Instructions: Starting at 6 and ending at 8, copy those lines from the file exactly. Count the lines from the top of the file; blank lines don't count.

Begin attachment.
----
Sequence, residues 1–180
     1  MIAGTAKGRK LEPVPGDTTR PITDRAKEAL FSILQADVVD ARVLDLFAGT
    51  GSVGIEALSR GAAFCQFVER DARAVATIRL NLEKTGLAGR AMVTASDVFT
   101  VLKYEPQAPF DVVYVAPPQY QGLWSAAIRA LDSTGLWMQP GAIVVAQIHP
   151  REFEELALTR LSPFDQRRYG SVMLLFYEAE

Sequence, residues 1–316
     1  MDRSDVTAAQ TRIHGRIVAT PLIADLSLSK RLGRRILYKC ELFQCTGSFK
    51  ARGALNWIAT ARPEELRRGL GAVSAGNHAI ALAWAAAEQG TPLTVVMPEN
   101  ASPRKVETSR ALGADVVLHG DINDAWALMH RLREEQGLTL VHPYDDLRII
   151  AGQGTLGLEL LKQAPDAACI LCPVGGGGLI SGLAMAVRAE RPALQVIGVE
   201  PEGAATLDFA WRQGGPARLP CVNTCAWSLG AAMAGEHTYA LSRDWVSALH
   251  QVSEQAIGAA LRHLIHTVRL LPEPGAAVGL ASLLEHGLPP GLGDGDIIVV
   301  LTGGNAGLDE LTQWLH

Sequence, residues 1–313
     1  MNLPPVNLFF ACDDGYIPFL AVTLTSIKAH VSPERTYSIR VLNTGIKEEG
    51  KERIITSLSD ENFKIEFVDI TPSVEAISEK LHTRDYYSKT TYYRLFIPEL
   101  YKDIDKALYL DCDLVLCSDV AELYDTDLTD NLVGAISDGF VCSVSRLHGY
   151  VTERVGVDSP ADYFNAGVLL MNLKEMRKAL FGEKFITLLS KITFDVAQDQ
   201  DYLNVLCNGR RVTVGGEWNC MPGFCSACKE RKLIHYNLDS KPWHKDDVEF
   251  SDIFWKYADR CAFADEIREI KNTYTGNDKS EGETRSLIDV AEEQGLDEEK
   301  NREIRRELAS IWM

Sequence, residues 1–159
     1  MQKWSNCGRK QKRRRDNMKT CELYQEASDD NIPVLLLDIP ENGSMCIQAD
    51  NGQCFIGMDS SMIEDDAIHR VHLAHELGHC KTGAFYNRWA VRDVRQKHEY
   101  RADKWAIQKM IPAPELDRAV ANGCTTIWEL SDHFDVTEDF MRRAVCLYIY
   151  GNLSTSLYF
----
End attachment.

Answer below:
Sequence, residues 1–316
     1  MDRSDVTAAQ TRIHGRIVAT PLIADLSLSK RLGRRILYKC ELFQCTGSFK
    51  ARGALNWIAT ARPEELRRGL GAVSAGNHAI ALAWAAAEQG TPLTVVMPEN